Beijing (AFP) Dec 15, 2010
The operator of an unlicensed shelter for disabled people in southwest China sold at least 70 mentally ill workers into slavery in recent years, local authorities told state press Wednesday.
Investigators made the discovery after China's latest slave labour scandal erupted this week when authorities shut down a factory in Xinjiang in the nation's west where 11 workers sold by the shelter had been enslaved for years.
"Since 1996, Zeng Lingquan has sent at least 70 mentally disabled people to work in Beijing, Tianjin and other cities," the China Daily quoted Yi Hongqu, a county-level civil affairs official in Sichuan province, as saying.
"Zeng does not even know the names or the exact number of those abused."
Yi said investigators found the number 70 in a 2008 account book kept by Zeng, who was arrested on Monday night on charges of selling workers into slavery.
The case comes three years after a major slavery scandal in which thousands of workers were found to have been forced to work in brick kilns in central and northern China.
Police on Tuesday also arrested Li Xinglin, the owner of the Jiaersi Green Construction Material Chemical Factory in Xinjiang, who was attempting to return the enslaved workers to the Sichuan shelter, the report said.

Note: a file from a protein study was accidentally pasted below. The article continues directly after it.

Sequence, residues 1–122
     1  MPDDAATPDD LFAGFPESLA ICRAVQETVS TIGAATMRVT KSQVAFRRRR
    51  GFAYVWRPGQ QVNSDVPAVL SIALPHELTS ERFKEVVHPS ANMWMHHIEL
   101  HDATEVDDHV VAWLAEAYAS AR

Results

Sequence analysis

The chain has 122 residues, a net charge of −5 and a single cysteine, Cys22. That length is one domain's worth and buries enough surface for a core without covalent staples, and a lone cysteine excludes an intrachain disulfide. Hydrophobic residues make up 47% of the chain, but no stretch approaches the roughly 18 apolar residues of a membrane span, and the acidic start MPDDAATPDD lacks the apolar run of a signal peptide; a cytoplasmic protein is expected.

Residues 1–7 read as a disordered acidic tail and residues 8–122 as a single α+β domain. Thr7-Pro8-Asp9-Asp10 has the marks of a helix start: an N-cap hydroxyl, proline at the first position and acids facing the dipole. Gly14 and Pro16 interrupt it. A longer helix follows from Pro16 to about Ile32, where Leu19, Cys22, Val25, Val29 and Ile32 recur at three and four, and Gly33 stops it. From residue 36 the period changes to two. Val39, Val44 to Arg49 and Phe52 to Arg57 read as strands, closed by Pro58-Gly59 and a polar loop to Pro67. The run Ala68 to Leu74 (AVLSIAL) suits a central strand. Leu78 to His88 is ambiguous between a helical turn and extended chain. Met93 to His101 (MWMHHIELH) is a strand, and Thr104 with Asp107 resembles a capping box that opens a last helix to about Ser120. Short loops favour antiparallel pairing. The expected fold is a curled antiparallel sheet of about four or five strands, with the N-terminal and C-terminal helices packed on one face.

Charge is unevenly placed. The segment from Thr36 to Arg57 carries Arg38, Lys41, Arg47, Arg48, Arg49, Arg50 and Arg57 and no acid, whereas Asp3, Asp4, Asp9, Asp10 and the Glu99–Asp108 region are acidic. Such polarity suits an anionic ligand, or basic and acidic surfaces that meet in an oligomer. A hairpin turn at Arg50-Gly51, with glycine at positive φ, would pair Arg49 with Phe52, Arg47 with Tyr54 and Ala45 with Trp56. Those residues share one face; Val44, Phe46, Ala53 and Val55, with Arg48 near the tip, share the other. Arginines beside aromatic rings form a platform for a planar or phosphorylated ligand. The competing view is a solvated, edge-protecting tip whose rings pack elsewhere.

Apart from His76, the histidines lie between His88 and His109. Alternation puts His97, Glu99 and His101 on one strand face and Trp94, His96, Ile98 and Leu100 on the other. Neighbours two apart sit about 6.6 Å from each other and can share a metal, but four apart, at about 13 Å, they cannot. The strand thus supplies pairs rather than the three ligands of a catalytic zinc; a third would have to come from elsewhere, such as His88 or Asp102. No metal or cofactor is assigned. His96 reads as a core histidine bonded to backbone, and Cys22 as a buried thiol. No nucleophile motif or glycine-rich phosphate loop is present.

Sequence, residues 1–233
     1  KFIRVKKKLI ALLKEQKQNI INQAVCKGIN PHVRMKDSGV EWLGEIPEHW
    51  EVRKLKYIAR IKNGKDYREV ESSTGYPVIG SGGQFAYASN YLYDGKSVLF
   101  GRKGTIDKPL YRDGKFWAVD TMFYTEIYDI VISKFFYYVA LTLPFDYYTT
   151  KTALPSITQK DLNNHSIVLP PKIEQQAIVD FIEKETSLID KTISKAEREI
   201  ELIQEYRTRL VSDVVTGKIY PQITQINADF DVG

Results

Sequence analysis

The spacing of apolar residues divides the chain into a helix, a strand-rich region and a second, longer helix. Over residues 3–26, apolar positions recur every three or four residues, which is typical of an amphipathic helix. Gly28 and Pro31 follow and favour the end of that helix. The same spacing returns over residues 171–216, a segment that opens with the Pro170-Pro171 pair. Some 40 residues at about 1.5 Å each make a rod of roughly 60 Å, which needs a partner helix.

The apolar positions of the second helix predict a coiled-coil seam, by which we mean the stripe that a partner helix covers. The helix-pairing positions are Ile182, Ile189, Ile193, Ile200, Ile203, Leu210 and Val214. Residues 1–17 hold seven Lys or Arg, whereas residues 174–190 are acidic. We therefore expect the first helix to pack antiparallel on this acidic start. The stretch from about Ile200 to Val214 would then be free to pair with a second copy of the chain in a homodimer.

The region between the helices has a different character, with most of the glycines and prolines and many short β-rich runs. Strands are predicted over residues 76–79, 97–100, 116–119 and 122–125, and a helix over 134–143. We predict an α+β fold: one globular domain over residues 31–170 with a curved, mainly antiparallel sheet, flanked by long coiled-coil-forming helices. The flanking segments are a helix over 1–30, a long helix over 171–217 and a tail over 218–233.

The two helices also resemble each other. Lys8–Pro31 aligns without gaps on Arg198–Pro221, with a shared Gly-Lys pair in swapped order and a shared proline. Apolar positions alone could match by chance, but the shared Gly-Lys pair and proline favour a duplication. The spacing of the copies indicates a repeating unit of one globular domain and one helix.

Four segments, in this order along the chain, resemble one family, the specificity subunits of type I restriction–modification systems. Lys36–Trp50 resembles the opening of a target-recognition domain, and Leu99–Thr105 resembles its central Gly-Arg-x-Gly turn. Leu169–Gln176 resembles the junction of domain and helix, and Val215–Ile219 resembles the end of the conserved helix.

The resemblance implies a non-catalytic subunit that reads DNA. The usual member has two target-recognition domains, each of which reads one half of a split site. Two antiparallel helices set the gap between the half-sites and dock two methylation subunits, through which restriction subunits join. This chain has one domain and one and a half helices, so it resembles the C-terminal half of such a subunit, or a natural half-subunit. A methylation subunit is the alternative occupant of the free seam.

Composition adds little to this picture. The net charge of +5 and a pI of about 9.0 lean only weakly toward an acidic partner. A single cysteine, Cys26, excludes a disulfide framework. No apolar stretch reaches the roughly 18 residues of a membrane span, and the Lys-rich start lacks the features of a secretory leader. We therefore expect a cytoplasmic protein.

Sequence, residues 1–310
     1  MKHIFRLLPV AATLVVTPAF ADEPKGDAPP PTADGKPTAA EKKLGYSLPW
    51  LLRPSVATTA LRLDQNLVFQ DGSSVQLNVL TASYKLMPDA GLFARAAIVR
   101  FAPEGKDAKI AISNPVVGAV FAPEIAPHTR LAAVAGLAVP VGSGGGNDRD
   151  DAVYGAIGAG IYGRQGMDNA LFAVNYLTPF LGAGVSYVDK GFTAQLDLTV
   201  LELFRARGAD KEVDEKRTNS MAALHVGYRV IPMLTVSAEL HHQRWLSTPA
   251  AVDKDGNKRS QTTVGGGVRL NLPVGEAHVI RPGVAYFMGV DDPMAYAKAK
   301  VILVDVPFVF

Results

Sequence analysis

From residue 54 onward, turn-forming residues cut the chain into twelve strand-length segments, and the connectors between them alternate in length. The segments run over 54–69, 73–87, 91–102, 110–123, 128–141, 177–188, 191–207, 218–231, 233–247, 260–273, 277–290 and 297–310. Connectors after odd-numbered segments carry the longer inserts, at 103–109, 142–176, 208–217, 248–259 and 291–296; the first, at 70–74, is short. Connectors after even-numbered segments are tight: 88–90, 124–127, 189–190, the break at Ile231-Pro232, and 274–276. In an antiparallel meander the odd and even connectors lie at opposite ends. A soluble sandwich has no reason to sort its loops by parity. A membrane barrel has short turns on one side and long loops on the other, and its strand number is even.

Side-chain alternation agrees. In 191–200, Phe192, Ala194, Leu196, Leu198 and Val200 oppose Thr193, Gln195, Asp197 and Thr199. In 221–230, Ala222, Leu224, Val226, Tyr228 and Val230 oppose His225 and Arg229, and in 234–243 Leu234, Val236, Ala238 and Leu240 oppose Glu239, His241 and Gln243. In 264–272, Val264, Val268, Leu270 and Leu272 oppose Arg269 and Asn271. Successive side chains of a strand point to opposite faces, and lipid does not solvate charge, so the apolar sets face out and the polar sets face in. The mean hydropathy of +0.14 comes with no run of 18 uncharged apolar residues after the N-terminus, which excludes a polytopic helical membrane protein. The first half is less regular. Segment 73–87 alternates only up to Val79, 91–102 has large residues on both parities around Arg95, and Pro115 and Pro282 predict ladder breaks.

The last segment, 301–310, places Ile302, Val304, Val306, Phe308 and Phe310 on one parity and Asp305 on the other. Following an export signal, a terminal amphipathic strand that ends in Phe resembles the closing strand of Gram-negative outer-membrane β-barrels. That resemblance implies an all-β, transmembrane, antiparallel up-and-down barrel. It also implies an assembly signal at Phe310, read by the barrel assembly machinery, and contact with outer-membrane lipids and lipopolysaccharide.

Li claimed he had contracted the workers from the shelter, paying a lump sum of 9,000 yuan (1,350 dollars) for the delivery of five labourers and then an additional 300 yuan per worker per month, earlier press reports said.
The workers worked long hours in polluted and unsanitary conditions, suffered regular beatings and were given the same food as the dogs belonging to the factory boss, the Beijing News said on Tuesday.
None of those enslaved at the factory were paid, the reports said, and some of them had been working for up to four years.
They were between 20 and 50 years old but the nature of their mental illnesses or disabilities was not specified.
In 2007, thousands of people were found to have been forced to work in brick kilns in the provinces of Henan and Shanxi, where they were subjected to regular beatings and near-starvation. The revelations shocked the country.
Although no official numbers have been reported on how many were enslaved, a parliamentary investigation said some 53,000 migrant workers had been employed in more than 2,000 illegal brick kilns in Shanxi alone.
Since then, similar cases of slavery have been reported sporadically around China.
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